(CHICAGO) A subpoena has been unanimously approved by the legislative audit commission in the case of the controversial anti-violence program that has Governor Pat Quinn on the spot.

Barbara Shaw is the former Quinn aide who’s been subpoenaed to testify to what she knows about what the Republicans call a slush fund to buy votes for the governor in the 2010 election.

Many others are being invited to testify and Democrats on the commission are pushing to get it all over sooner than later, what with the election coming.

But downstate Republican David Reis countered with this. “Some are saying we’re being political here. It’s just as political saying we don’t want to get all the answers. We’re not gonna sweep this under the rug. This is almost Blagojevich-esque.”

Story by 89 WLS Reporter Bill Cameron
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By Frank Main Dave McKinney: The state spent almost half a million dollars on a flawed study of Gov. Pat Quinn’s now-defunct anti-violence program — the Neighborhood Recovery Initiative — after officials rejected a more rigorous evaluation that would have been free, auditors say.

The $498,351 study by the University of Illinois at Chicago didn’t even examine whether the program helped reduce violence, according to Auditor General William Holland’s office.

State Rep. David Reis, R-Willow Hill, said the study leaves taxpayers in the dark about whether the $54.5 million program made an impact in some of the most dangerous neighborhoods in the Chicago area.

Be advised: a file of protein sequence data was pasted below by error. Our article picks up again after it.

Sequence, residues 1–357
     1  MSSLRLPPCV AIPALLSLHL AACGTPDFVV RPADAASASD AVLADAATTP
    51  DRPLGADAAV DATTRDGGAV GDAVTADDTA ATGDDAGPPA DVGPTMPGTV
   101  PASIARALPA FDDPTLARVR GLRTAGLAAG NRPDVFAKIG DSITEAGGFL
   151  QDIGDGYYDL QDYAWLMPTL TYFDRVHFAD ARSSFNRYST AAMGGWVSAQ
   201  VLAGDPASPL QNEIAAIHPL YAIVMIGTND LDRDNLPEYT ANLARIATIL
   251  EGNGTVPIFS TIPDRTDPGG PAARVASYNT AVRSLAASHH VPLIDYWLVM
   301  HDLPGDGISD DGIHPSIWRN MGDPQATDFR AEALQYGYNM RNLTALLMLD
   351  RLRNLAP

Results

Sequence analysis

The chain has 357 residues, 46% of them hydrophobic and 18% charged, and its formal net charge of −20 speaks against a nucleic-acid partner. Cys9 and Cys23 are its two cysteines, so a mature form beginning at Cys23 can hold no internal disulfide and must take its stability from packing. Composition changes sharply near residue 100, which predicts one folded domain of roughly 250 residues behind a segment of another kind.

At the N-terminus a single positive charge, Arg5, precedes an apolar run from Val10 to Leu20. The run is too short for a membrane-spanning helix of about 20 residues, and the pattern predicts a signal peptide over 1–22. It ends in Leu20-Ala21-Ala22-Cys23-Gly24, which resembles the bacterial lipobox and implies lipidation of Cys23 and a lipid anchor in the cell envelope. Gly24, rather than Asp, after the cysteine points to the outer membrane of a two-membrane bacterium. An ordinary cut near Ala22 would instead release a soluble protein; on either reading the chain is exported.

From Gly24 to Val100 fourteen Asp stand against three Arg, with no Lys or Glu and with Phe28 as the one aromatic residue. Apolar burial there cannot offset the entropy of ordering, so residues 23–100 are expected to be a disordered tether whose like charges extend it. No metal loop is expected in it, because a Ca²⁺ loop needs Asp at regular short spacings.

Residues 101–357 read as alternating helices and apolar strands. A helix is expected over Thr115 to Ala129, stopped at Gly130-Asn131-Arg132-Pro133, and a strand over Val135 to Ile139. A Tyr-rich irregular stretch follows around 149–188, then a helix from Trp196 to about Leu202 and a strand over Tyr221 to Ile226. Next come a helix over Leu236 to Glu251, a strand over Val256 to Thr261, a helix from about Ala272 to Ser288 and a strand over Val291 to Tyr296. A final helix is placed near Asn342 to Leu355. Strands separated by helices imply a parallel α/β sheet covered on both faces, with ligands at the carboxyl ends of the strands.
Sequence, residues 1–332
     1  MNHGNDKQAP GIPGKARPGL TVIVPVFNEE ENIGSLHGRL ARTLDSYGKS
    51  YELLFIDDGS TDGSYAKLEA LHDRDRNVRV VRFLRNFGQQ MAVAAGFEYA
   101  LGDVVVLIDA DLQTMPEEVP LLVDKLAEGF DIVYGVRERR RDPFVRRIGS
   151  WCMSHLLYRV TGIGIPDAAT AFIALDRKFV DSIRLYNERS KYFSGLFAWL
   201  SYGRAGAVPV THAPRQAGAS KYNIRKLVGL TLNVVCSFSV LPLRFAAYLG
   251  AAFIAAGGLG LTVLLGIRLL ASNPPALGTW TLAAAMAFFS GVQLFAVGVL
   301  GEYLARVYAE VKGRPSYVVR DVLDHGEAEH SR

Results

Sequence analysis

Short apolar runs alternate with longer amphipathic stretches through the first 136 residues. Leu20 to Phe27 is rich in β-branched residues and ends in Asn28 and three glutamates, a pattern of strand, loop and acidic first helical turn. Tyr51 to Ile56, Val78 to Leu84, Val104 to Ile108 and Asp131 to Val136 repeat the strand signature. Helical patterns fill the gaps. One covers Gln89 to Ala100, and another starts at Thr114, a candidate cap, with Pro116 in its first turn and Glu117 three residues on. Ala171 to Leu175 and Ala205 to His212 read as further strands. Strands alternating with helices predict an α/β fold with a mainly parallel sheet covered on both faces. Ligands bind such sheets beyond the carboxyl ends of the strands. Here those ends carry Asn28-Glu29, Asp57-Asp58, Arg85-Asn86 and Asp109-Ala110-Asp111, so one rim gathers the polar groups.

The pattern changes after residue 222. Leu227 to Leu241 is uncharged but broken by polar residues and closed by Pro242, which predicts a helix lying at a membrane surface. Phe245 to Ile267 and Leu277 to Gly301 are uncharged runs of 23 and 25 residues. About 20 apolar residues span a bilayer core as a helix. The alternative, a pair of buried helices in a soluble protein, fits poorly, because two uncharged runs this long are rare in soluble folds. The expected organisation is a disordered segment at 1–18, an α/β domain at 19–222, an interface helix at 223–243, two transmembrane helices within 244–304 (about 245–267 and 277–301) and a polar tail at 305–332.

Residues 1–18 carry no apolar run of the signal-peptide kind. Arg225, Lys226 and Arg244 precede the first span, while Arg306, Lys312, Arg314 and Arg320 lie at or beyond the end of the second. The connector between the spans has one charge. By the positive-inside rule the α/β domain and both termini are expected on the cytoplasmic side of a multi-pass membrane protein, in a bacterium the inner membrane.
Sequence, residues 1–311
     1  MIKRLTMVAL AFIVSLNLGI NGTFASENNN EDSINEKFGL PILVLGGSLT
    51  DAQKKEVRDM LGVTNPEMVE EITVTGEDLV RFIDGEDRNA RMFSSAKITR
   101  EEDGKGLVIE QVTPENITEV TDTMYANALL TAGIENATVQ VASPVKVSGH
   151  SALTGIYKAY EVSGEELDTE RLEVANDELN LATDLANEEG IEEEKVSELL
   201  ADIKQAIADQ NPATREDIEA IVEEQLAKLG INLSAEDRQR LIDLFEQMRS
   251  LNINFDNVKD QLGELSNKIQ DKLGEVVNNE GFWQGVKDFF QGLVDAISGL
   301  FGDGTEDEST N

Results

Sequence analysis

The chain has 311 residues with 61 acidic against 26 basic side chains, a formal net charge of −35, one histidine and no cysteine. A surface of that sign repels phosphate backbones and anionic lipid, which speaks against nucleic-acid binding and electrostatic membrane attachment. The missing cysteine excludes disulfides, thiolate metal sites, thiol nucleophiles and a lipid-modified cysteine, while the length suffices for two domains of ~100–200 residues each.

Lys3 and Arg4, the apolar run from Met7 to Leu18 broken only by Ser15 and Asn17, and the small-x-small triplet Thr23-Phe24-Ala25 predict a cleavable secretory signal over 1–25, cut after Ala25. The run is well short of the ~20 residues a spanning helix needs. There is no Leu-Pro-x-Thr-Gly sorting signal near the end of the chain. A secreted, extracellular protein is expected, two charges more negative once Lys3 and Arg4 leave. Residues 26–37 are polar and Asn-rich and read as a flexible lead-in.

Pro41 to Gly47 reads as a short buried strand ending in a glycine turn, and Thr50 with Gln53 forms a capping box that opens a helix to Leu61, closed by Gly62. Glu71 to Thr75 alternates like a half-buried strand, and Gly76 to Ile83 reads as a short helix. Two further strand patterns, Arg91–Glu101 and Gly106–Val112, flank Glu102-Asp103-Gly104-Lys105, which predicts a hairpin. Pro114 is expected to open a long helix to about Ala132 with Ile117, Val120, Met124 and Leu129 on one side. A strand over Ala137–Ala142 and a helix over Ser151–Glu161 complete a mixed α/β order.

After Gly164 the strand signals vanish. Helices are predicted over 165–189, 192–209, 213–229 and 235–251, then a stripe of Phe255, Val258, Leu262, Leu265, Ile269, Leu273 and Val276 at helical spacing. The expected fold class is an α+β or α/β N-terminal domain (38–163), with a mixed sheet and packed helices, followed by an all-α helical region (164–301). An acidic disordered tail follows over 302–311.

“We don’t know whether this money was flushed down the toilet,” he said.

Auditors learned the state turned down an offer by the University of Chicago Crime Lab to conduct a more in-depth study for free.

Quinn spokesman Grant Klinzman said the governor wasn’t involved in any discussions or decisions about the study.

“Those who helped oversee and manage this program are no longer employed by the state,” Klinzman added.

Republicans have questioned Quinn’s motivation for launching the anti-violence program a month before his tight election in 2010. The troubled program was shut down in 2012.

“I believe this was to put money on the streets to shore up a base that was very loose in a tight campaign,” Reis said.

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